Monday, March 9, 2015

What is in your beauty products?

I finally decided to end my subscription with Ipsy. Why? Like I have said before, I don't wear a lot of make-up therefore I don't need a lot of beauty products and finally because I am shocked by how many chemicals are added to lipsticks, blusher, mascara, face-masks and so-called natural products. I do not want to have thousands of chemicals on me nor in me.

Added to my need to reduce the amount of toxins entering into my own body I have two beautiful girls who look up to me and I need to set an example. My limited beauty regime has sparked an interest with one of my girls, after all, the packaging is pretty and eye-shadows and lipsticks come in an array of beautiful colours. . Every little girl wants to be like her mum (at least at the beginning).

Initially, the reason for not encouraging my girls make-up habit started off as not wanting them to think about the way they look and how others see them. But there is more to it I needed to take a serious look at what was being put into the cosmetics I placed upon my body and theirs.

I thought purchasing Lush products would be a good start, nice smelling bath bubbles, shampoo and a lip balm. Little did I know that these products are not all as they seem. Yes they are hand-made, use fresh ingredients, against animal cruelty and use less packaging, they never claim they are fully natural nor organic, however this is not to say that they are harmful or at least there are few harmful ingredients making them a better choice than most. Body Shop is similar to Lush, all good causes; not testing on animals, less packaging and so on.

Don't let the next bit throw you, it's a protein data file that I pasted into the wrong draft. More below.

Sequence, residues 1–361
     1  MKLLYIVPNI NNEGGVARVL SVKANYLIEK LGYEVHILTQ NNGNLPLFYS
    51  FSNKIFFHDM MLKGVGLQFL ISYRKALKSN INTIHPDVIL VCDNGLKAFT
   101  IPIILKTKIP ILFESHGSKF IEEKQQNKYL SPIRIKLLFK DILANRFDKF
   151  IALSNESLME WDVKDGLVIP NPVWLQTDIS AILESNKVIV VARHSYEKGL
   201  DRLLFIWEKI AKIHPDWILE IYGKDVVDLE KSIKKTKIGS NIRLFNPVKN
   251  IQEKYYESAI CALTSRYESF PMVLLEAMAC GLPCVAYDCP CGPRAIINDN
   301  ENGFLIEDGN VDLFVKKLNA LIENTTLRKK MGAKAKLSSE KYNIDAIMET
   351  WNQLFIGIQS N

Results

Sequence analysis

This one horrifies me. You know those micro-beads that exfoliate the skin and have also been put into toothpastes? They are made of plastic! Not only are they going onto your skin to clear dead cells they are going into the water supply and are having damaging ecological effects. I had no idea. What next?

If you love your beauty products you must watch this video, presented by Heather White. What she discusses is frightening and women are being blasted with toxins more than men, you will see why when you watch it. She is one of the reasons why I have decided to rethink my beauty purchases.

If this video does not change your mind about what you put on your body (and your child(s)) I am not sure what will.


So in search of natural and organic where possible I went onto the internet. It is actually very difficult because the search-engine is dominated by the well known beauty companies paying the large amounts of money to be listed highly on the internet but sifting through it all I did find some.

Companies.
Saje, Canadian owned. Natural remedies for headaches, colds and other ailments. They produce soaps, deodorants, skin products etc. They do not do make-up,
Rocky Mountain Soap Co. Canadian co. Similar to Lush in its range of products but they claim to be toxin free and their products smell amazing.
Gabriele Cosmetic are gluten free and organic, can be found at Pomme Natural store.
Eminence ; started in Hungary in 1958. Handmade organic skincare products that I have yet to try but I can't wait to get my hands on it.
Logona Cosmetics UK has a large selection of products and may have to have them shipped to me.

Interesting articles worth reading.
Dangerous Beauty posted on Joyous Blog, written by Kate McDonald Walker talks about the history of beauty products and just how dangerous they were and are.
The Guardian, a UK publication writes about Phthalates are everywhere. This is a really good read.

Apps. 
I don't use many apps but this one looks like a winner.
A useful app by Think Dirty. Scan the bar code to see an easy to read ingredients list and if there is a better less harmful comparison that will be suggested to you.
If you know of any good apps I would love to hear them.

I hope this helps you to rethink your beauty rituals and help you to make better more informed decisions. It is not easy, I know, but some of the diseases we see in the western world are preventable by changing our habits.

My apathy with my make-up and not plastering cosmetics onto my body has been a blessing.

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